What do you do when your beta readers hate your characters? Wondering if you can fix those unlikeable characters?
Let's get one thing straight right now — I love my characters. I love every single one of them. The villains, the heroes, the love interests, the best friends. And why wouldn't I? Each of them has a piece of me in there. Whether they're based on my dark side, on my husband, or doing something I think is important — they carry with them a piece of me.
So when I received feedback that readers did not like my characters, it was like a knife to the heart. Gasp. How do you not like my characters?
Well it happens.
And as an editor, I have often had to give another author that horrible news: your character is just not all that likeable.
And it is bad news. Readers will typically put down a book over characters they don't like faster than any other reason. So when that feedback comes in, it's important to find out exactly what the problem is and fix it fast.
1. Go Over Your Character's Backstory and Make Sure You Know it by Heart
Most of this information won't be told within the story itself, but it will come out in other ways. Motivation, reactions to certain situations, how that character will behave in a relationship, interactions with other characters.
An orphan will react to situations differently than a character who grew up in a loving home. A riches-to-rags character will have particular mannerisms that a rags-to-riches character might not have. If you haven't already solidified the character's backstory in your mind, do it now. Then read through every scene containing that character from his or her point of view and determine whether or not his or her actions are true to that personality.
2. Use the Backstory to Develop Your Character's Strengths and Weaknesses
Is your character a strong leader? Do they have trust issues? Cocky? Fast learner? How does that all play into the story?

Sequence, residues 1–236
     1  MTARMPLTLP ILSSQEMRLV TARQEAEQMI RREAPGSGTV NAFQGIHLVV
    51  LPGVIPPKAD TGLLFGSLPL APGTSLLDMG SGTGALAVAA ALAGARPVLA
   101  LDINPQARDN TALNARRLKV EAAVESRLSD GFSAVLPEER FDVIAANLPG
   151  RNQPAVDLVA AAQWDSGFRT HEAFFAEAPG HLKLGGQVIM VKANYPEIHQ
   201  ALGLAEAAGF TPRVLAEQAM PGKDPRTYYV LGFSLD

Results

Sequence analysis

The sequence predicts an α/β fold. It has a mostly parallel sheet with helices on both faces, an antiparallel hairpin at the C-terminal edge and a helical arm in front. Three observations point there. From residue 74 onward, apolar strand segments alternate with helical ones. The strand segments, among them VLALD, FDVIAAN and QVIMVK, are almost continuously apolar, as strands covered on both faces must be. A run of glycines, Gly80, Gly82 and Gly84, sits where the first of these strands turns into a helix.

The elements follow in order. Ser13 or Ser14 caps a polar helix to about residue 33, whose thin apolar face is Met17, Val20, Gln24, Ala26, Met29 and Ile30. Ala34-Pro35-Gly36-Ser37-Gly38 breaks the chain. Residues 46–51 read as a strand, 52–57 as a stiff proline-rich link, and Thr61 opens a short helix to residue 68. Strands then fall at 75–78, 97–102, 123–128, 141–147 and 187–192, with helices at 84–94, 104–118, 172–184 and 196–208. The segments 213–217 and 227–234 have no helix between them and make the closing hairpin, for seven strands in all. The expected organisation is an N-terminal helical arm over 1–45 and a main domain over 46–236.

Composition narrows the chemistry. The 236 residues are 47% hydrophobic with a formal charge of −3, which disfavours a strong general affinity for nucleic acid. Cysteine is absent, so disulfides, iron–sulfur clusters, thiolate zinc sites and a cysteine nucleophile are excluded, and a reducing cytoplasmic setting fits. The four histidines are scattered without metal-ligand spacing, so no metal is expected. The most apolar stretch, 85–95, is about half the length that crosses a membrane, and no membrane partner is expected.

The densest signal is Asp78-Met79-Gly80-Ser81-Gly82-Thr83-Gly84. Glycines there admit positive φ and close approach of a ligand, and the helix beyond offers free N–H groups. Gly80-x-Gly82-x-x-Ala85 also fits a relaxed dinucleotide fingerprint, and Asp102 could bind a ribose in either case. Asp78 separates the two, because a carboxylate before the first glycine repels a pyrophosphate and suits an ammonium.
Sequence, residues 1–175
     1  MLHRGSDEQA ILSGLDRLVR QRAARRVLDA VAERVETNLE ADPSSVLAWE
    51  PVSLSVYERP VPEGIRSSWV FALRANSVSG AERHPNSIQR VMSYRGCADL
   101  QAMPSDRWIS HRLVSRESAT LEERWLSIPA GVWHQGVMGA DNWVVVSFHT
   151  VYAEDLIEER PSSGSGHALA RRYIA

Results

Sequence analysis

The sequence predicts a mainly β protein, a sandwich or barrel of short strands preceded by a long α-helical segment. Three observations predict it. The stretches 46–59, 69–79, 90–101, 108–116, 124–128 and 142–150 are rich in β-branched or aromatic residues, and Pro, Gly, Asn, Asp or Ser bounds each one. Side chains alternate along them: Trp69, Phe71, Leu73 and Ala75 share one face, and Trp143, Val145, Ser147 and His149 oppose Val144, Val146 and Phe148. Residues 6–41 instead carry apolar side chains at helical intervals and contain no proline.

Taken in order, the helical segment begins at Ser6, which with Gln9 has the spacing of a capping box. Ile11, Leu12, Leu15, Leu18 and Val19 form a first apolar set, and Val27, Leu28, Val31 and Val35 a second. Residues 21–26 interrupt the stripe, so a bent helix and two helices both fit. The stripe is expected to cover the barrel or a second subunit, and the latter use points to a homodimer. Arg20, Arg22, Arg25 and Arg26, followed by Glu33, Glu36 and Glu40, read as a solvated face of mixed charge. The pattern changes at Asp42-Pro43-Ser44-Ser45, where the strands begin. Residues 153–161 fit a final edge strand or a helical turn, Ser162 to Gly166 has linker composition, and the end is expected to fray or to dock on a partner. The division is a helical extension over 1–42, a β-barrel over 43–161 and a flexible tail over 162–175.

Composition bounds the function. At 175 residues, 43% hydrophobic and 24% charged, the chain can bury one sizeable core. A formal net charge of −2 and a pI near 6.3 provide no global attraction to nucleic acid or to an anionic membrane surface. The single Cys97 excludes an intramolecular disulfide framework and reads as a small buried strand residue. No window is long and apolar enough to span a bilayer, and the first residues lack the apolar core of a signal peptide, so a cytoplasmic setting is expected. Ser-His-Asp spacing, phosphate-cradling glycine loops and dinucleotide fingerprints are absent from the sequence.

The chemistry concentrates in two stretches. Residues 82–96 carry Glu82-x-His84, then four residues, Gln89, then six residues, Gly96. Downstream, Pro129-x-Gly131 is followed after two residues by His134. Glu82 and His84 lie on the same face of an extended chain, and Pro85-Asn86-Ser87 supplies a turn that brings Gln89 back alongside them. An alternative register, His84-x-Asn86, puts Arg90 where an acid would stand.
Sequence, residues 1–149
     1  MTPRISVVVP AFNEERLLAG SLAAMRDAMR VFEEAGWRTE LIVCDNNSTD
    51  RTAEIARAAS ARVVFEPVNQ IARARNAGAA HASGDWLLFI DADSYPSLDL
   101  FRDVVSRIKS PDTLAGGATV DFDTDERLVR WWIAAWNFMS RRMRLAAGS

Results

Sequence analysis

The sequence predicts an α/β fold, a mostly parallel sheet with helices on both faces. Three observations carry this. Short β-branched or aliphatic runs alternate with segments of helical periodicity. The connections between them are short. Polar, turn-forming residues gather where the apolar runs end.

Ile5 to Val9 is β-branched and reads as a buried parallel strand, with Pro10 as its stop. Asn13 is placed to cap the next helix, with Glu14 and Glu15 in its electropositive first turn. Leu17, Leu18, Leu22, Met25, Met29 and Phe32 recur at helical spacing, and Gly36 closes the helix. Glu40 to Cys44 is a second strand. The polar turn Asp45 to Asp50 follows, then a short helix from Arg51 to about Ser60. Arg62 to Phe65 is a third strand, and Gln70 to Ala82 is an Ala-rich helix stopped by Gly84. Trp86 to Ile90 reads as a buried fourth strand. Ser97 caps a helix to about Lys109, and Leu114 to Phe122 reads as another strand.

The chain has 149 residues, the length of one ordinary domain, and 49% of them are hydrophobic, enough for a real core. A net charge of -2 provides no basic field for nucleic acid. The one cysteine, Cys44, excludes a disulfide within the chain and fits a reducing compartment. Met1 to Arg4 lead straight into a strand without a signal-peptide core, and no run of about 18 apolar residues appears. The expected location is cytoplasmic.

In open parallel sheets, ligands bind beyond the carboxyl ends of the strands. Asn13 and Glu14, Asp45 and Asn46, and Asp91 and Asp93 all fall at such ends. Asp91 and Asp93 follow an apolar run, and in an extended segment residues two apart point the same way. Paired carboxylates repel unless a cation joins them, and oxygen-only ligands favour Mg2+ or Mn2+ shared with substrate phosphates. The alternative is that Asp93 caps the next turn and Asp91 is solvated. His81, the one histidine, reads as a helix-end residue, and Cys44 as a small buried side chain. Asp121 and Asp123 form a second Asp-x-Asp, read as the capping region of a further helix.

What happened in the character's history that made them develop those strengths and weaknesses? Bright, precocious children are often fast learners who stress over tiny mistakes. Younger siblings often dive into sports or music as a way of standing out when their older siblings are academic achievers.
Whatever their strengths and weaknesses are, chances are the psychological reasons for their development are deeply rooted in their upbringing (not just a traumatic incident). So dive in a little deeper and learn about how they've come to develop these characteristics.
3. Don't go Overboard — Pull Back if You Need to
Lean too heavily on the character's strengths, and it's hard for readers to relate to the characters. Lean too heavily on their weaknesses, and they become annoying.
The whole point of any story is to have the character react to situations. And through that reaction, the character will change.
In many ways, these reactions are more important than the plot of the story. It's how the character grows. How villains will receive redemption. How heroes will rise above. Characters need time to process what's happened, but can't afford to dwell on them for too long.
4. Flaws and Weaknesses Don't Have to be Obvious to Anyone but the Reader.
If you have a hero who is already perfect, there is nowhere for him or her to go. Nothing to grow on.
If your character has a deep fear of losing people they love, your villain doesn't have to dangle their mother over a boiling tarpit to bring them to their knees. And, in fact, if they do, then all you're doing is boring your reader and giving everyone a big yawn.